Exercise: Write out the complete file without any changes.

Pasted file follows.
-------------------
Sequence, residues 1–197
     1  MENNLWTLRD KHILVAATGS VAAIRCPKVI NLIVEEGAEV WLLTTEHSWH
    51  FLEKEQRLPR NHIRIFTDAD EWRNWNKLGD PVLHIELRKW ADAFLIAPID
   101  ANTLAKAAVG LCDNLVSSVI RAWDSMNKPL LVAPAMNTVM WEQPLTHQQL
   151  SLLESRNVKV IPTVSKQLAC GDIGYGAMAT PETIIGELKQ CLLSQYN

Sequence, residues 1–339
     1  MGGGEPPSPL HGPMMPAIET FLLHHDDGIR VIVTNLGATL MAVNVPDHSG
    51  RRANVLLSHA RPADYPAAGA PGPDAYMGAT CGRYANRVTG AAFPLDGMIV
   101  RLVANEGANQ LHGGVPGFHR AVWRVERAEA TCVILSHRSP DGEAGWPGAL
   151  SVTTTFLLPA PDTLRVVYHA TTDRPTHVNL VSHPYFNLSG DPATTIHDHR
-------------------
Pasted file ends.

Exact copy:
Sequence, residues 1–197
     1  MENNLWTLRD KHILVAATGS VAAIRCPKVI NLIVEEGAEV WLLTTEHSWH
    51  FLEKEQRLPR NHIRIFTDAD EWRNWNKLGD PVLHIELRKW ADAFLIAPID
   101  ANTLAKAAVG LCDNLVSSVI RAWDSMNKPL LVAPAMNTVM WEQPLTHQQL
   151  SLLESRNVKV IPTVSKQLAC GDIGYGAMAT PETIIGELKQ CLLSQYN

Sequence, residues 1–339
     1  MGGGEPPSPL HGPMMPAIET FLLHHDDGIR VIVTNLGATL MAVNVPDHSG
    51  RRANVLLSHA RPADYPAAGA PGPDAYMGAT CGRYANRVTG AAFPLDGMIV
   101  RLVANEGANQ LHGGVPGFHR AVWRVERAEA TCVILSHRSP DGEAGWPGAL
   151  SVTTTFLLPA PDTLRVVYHA TTDRPTHVNL VSHPYFNLSG DPATTIHDHR